HealthcarePapers 1(3) June 2000 : 6-7.doi:10.12927/hcpap..17362
In This Issue

Notes from the Editor-in-Chief

Peggy Leatt


Since the inception of this new journal I have been amazed by the creative and thoughtful viewpoints that have been expressed on each issue we have selected to put forward for debate.

This third set of papers lives up to the developing reputation of HealthcarePapers as an exciting publication that addresses topics of current urgency in a very timely manner. This well thought-out policy analysis should catch the attention of all health policymakers and strategists - even the "armchair" variety. As Duncan Sinclair points out there is no shortage of opinions and views on what should happen to our healthcare system; there are plenty of views about what is wrong and plenty of views about what should be fixed.

Dr. Sinclair then deftly analyses the situation and takes a very pragmatic approach to what should happen next. The respondents, in turn, are to be commended on the range of suggestions they have for changing the system. Several authors focus their discussion on the need to clarify Canadian values in relation to health services. In reply, Dr. Sinclair makes the important differentiation between health policy and health politics. As he points out, defining health policy is relatively easy and fun, but implementation of new policies falls in the realm of health politics and that is a different story. Implementation encroaches on the political agenda to such an extent that when even the most critical problem is debated the focus moves to a political deliberation rather than a substantive policy discussion.

It is not clear that more resources, more management, more doctors, more nurses, more of anything is what is needed or will actually produce change. I think we need a minimum understanding by federal and provincial ministers about what the issues are. Then a strategy must be developed, and urgently! The problem, as I see it, is that more resources will achieve little - the problem is that the design of the system is fundamentally flawed! Tinkering with the system is not enough. My experience at the Health Services Restructuring Commission in Ontario over the last two years basically reinforced my views that honouring the commitments to the key principles of the Canada Health Act - loved by all Canadians - can not be achieved without system redesign. This redesign should start with measures to enhance the health of the individual and the family. Next, it should move to the first call when medical care is required, i.e., the primary health care system.With this foundation in place, people will only move to other levels of care when absolutely necessary.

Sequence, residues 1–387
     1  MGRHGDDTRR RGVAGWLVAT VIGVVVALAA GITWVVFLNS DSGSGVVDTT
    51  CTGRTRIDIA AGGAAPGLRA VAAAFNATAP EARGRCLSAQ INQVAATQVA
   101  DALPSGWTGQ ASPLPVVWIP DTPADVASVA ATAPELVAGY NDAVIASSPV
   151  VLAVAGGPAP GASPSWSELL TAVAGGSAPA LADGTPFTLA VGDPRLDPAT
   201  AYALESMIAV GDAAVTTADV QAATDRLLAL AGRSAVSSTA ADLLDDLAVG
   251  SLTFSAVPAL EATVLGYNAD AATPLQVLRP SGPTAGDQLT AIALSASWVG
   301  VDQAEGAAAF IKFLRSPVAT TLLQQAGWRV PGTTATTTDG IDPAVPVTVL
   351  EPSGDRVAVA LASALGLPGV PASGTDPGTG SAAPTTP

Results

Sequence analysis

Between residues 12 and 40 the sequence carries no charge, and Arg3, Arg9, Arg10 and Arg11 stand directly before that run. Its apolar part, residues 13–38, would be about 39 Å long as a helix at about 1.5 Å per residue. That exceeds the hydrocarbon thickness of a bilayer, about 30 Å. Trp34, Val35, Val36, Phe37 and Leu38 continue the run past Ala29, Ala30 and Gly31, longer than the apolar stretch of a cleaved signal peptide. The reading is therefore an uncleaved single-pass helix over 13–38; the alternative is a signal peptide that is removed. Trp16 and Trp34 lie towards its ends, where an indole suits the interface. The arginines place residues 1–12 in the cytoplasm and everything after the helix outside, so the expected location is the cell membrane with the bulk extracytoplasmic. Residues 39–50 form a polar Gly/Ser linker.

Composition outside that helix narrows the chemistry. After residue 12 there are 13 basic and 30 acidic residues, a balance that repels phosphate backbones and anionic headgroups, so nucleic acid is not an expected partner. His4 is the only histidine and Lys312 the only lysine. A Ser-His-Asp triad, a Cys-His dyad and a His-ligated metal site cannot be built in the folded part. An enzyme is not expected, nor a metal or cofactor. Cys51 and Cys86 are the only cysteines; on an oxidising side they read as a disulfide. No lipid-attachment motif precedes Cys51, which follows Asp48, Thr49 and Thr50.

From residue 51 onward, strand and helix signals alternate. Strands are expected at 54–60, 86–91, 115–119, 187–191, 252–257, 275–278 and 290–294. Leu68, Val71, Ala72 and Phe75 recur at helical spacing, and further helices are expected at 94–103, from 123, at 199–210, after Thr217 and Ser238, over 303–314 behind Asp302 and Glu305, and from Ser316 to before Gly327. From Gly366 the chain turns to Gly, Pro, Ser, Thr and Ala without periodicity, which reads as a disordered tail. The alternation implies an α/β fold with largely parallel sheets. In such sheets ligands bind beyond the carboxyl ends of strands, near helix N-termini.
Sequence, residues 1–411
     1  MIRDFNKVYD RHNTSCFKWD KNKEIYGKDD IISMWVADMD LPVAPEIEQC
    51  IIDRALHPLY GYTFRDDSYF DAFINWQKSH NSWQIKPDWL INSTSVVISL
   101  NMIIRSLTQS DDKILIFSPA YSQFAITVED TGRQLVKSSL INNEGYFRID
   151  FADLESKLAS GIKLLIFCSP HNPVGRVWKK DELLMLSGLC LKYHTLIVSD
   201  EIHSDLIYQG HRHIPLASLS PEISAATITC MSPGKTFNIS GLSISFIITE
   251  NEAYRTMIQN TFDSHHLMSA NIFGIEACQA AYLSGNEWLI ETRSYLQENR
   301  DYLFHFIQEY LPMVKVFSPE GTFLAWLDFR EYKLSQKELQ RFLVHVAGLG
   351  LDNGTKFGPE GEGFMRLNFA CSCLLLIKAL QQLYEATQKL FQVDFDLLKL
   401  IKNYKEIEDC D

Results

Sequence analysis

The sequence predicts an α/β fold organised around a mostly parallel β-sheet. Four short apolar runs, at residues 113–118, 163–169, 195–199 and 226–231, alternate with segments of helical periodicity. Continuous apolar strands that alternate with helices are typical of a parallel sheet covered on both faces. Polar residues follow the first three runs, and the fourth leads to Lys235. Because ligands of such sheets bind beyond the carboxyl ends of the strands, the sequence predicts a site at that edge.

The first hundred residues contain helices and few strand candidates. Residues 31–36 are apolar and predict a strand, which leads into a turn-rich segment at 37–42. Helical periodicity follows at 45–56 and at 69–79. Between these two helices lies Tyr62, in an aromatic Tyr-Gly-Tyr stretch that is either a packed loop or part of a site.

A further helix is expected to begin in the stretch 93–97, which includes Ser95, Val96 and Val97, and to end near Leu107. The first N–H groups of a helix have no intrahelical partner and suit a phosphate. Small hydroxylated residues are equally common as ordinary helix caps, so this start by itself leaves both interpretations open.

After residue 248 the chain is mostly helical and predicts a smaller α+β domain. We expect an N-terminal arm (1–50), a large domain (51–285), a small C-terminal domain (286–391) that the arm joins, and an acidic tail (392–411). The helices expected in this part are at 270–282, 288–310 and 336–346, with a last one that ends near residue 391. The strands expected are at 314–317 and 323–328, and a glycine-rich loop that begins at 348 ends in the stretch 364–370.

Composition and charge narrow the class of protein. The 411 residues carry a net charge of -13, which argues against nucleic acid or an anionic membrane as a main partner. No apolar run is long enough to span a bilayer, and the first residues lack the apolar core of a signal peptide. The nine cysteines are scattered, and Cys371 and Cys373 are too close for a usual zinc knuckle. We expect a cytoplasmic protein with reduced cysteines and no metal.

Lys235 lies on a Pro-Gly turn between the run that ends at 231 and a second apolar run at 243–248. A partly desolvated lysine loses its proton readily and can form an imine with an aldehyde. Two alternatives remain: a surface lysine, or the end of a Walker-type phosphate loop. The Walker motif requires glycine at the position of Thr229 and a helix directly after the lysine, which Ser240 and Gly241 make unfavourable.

But, redesign is not enough. Financial and performance incentives must be put into place to trigger high-quality care at low costs. It can be done if the incentives are in place.

Yes, consumers want access to comprehensive services but what does that mean in today's environment? Surely not what it meant decades ago when medicare was being debated, and the goal was simply to ensure that each Canadian had access to a hospital bed and a doctor when medically necessary. I suggest that this issue of HealthcarePapers gets at the heart of Canadian values and provides an opportunity for us to rethink the design of health systems in Canada.

I call on all politicians to read these papers carefully. I call on all healthcare providers to not only read them but also to share them with colleagues and their political representatives! And, consumers should get the word out to everyone who might listen. This will make for constructive debate and then change will begin to take place.

I also encourage you to write to us with your comments and responses to this issue. Rethinking medicare is a topic we will return to as ideas and solutions evolve.

Read on . . .

P.S. The last two issues of HealthcarePapers were reprinted and distributed well beyond our original targets. Electronic and paper versions of this issue and previous issues are available by contacting Barbara Marshall at 416 864-9667. She can be reached by email at


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